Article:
‘Clean’ natural gas is actually the new coal, report says: Don Pittis

factory in Xian, China CBC News | James Alexander Michie

Employees work next to tanks for liquefied natural gas at a factory in Xian, China in June. China is a prime customer in a worldwide LNG expansion. (Reuters)

It is clear that at the moment it is burned, methane, the main component of natural gas, is much cleaner than coal. Taking this into consideration, it has been said that one might think that a newly published report entitled The New Gas Boom should be a reason to celebrate.

And, according to the report, “clean” natural gas is actually the new coal.

Thus, the new analysis of Global Energy Monitor, a group well known in the energy circles for tracking the construction of a coal plant in Asia, is a warning, not only for the climate, but also for investors, in what it calculates as a $ 1.3 trillion US dollar risk of the global gas infrastructure.

In this way, it is understood that according to this report, instead of being a product that respects the environment that can help solve our climate problems, gas is the new carbon.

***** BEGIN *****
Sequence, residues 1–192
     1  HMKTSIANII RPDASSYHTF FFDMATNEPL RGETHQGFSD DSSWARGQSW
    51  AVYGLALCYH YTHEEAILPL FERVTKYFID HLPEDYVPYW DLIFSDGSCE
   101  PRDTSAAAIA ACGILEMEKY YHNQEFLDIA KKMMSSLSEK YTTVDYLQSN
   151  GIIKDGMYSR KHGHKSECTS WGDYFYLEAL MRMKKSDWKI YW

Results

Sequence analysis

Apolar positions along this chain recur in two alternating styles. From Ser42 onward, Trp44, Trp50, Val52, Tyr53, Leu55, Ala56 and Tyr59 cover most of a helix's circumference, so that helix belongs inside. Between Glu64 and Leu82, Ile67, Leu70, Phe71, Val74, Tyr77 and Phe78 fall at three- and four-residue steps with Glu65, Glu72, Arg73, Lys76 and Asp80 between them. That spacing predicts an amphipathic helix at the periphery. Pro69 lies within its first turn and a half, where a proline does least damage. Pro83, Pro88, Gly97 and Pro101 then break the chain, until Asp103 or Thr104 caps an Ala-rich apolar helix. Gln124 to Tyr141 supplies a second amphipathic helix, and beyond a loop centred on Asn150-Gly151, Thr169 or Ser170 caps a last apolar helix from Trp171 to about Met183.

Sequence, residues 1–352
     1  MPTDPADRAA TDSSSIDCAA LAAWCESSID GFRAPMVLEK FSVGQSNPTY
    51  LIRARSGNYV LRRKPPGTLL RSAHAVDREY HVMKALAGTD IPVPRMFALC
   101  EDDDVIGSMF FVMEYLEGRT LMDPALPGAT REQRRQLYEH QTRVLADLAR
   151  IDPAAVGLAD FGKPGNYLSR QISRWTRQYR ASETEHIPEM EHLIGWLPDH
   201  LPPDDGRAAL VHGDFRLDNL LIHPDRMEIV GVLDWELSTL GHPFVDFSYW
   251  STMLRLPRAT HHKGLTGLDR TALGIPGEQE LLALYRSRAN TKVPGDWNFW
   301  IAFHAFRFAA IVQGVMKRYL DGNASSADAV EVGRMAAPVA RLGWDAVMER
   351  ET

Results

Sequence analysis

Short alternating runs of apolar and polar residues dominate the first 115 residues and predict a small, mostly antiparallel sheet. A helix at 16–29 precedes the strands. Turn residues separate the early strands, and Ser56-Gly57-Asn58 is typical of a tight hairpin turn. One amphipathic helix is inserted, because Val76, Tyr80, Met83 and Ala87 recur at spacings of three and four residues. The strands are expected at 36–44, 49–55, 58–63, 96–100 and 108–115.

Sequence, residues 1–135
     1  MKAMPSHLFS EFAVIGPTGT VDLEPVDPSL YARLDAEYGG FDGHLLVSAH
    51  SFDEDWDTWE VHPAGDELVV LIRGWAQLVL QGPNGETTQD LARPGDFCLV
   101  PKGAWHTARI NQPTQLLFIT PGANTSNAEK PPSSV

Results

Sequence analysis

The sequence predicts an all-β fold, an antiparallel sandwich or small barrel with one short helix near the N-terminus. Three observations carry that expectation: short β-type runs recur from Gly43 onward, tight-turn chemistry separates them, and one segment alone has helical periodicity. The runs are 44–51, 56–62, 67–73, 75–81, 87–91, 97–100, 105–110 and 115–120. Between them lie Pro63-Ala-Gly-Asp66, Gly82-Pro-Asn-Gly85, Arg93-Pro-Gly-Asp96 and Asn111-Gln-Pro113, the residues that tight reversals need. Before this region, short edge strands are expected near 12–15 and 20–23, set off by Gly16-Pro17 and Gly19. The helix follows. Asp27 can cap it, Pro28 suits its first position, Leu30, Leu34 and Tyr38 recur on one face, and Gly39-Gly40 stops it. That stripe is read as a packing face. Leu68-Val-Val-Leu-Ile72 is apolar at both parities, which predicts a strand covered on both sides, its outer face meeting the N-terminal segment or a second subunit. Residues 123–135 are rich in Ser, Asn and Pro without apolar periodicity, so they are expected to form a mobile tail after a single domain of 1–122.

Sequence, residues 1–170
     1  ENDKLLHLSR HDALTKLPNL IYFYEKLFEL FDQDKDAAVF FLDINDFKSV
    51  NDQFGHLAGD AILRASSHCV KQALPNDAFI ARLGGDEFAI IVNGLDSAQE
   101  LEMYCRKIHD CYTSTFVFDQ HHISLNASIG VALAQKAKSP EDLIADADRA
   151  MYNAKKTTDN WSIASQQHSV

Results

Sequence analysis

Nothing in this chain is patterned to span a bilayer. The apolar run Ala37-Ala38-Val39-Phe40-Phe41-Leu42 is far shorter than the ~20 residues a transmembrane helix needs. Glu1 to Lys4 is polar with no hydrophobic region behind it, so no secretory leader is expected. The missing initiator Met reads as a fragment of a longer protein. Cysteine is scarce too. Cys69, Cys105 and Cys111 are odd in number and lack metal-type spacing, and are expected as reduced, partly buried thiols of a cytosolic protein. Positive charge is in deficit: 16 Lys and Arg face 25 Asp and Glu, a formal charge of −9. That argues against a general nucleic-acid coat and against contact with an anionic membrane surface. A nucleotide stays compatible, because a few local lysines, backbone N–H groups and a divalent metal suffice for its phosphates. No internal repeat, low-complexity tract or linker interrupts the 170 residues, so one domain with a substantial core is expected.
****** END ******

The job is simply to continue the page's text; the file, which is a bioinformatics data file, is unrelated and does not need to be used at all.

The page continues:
Based on the studies

It should be noted that the explosion in spending on new planned installations of liquefied natural gas (LNG), the vast majority in the United States and Canada, combined with new leakage calculations of the LNG supply chain called fugitive gas, means that the world will soon turn against gas in the same way. Thus he turned against his relative solid fuel.

In fact, it is necessary to highlight exactly what James Browning said, who is one of the authors of the report, “New studies have shown there is significantly more gas fugitive than studies showed five years ago, and the gas is also a bigger contributor to climate change than was understood “

In this way, it has been said that natural gas is seen as an attractive option for cities linked to smog, especially in Asia, which currently use coal to heat and produce electricity. In fact, until very recently, for all practical purposes, gas was seen as a continental resource. In other words, while freighters and oil tankers around the world moved coal and oil, the gas was limited to places where an oil pipeline could be built.

Even so, the drop in costs of LNG technology changed all that. Suddenly, it became possible to compress the gas into a cold liquid to be sent by specialized tankers anywhere in the world. That being the case, according to the data compiled in the GEM report, that has led to a planned LNG construction boom worth approximately $2 trillion.

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Source: Don Pittis | CBC News

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